Liv looked them over briefly, cursorily, but buried her head again before she would meet Dom’s gaze. “No. You’re Britannia’s problem now. We’ll have to see what the tabloids there say, but they quite like you from the initial coverage. According to Father. And at the end of the day he- doesn’t have a say. Edwin-“ she swallowed, blinking rapidly. “Edwin is your… keeper, at least, as Father sees it. And Ed seemed to adore the way you two matched last night, especially while you were dancing. I could see it in his eyes. He- really likes you, you know.” She deliberately refused to meet Dom’s gaze. To change the subject, she quite abruptly asked, “Where’s Ana?”
I really don’t know how to respond to that. After a goodly amount of time, Dom simply ruffled Liv’s hair (gently, so as not to move the veil.) “She took Qvi out and went to go find food for herself. I sent her with her notebooks, she’s going to meet up with us after brunch for lessons.”
Liv nodded, peeling away from Dom’s side and crossing the room, picking up her cello case and easing it across her shoulders in one smooth motion.
“What? Where are you going?”
“To practice. Isn’t that obvious?” Liv turned on her heel, quickly walking out the door before she could do something stupid like break down and cry, again. She made it halfway down the corridor before the tears started, sniffling and biting down on her lip in an effort to stifle the sounds as she hurried up a flight of stairs, finding a room that seemed unused – maybe more of a breezeway between a few other rooms, but there was no one and no furniture to get in her way here, at least not obviously seen.
The folding stool was taken from where it was strapped to the back of the instrument case (never before had she been so glad to have brought it, finickiness of getting it on the airplane and all) and quickly unfolded, her instrument quickly tuned and soon settled. Though she hadn’t practiced in nearly a week now, what with travel and preparations, it took only a short time for the instrument to be warmed up and playing well. She had neglected to grab the folding music stand from the room, of course, so she didn’t even bother to fight with the sheet music, closing her eyes and visualizing the notes to her favorite concerto streaming out in front of her, fingers finding them nearly-automatically.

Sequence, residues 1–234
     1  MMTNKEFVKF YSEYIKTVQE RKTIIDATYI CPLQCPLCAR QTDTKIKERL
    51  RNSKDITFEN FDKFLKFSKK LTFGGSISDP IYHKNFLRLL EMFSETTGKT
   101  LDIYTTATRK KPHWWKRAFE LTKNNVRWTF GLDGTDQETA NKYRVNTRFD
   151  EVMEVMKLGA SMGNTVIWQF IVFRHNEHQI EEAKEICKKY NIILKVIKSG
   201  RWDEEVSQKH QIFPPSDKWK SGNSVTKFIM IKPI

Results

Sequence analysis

Damn that Livi. Dom saw her go, of course, but made no move to follow- perhaps it was the sniffling sound that just barely reached their ears, but they knew their aunt needed some alone time. On a good day, interrupting Liv’s practices would earn you a glare. Today it would probably incite a meltdown.
Dom turned smartly and descended the stairs, expertly remembering their way through the Aciran palace (which, though more spacious, was still not as confusing as the Lusitanian one, what with the thirteen different imperial expansions that had been done and later half-reversed on it!) soon walking into the parlor where the brunch was being held. They found themself a spot at a corner of the table, one that was as yet unoccupied, and there set up a perch to watch the other royals interacting.